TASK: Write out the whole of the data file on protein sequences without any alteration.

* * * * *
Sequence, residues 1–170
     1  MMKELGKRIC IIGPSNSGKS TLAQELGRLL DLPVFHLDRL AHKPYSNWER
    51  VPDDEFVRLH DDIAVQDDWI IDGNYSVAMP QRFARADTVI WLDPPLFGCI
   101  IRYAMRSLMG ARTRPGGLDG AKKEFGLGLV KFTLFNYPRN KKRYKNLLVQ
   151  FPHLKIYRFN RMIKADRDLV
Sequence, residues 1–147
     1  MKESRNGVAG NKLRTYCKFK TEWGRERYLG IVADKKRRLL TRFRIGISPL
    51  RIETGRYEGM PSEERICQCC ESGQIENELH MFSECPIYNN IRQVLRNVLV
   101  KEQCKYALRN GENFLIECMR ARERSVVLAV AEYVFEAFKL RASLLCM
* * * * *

Sequence, residues 1–170
     1  MMKELGKRIC IIGPSNSGKS TLAQELGRLL DLPVFHLDRL AHKPYSNWER
    51  VPDDEFVRLH DDIAVQDDWI IDGNYSVAMP QRFARADTVI WLDPPLFGCI
   101  IRYAMRSLMG ARTRPGGLDG AKKEFGLGLV KFTLFNYPRN KKRYKNLLVQ
   151  FPHLKIYRFN RMIKADRDLV
Sequence, residues 1–147
     1  MKESRNGVAG NKLRTYCKFK TEWGRERYLG IVADKKRRLL TRFRIGISPL
    51  RIETGRYEGM PSEERICQCC ESGQIENELH MFSECPIYNN IRQVLRNVLV
   101  KEQCKYALRN GENFLIECMR ARERSVVLAV AEYVFEAFKL RASLLCM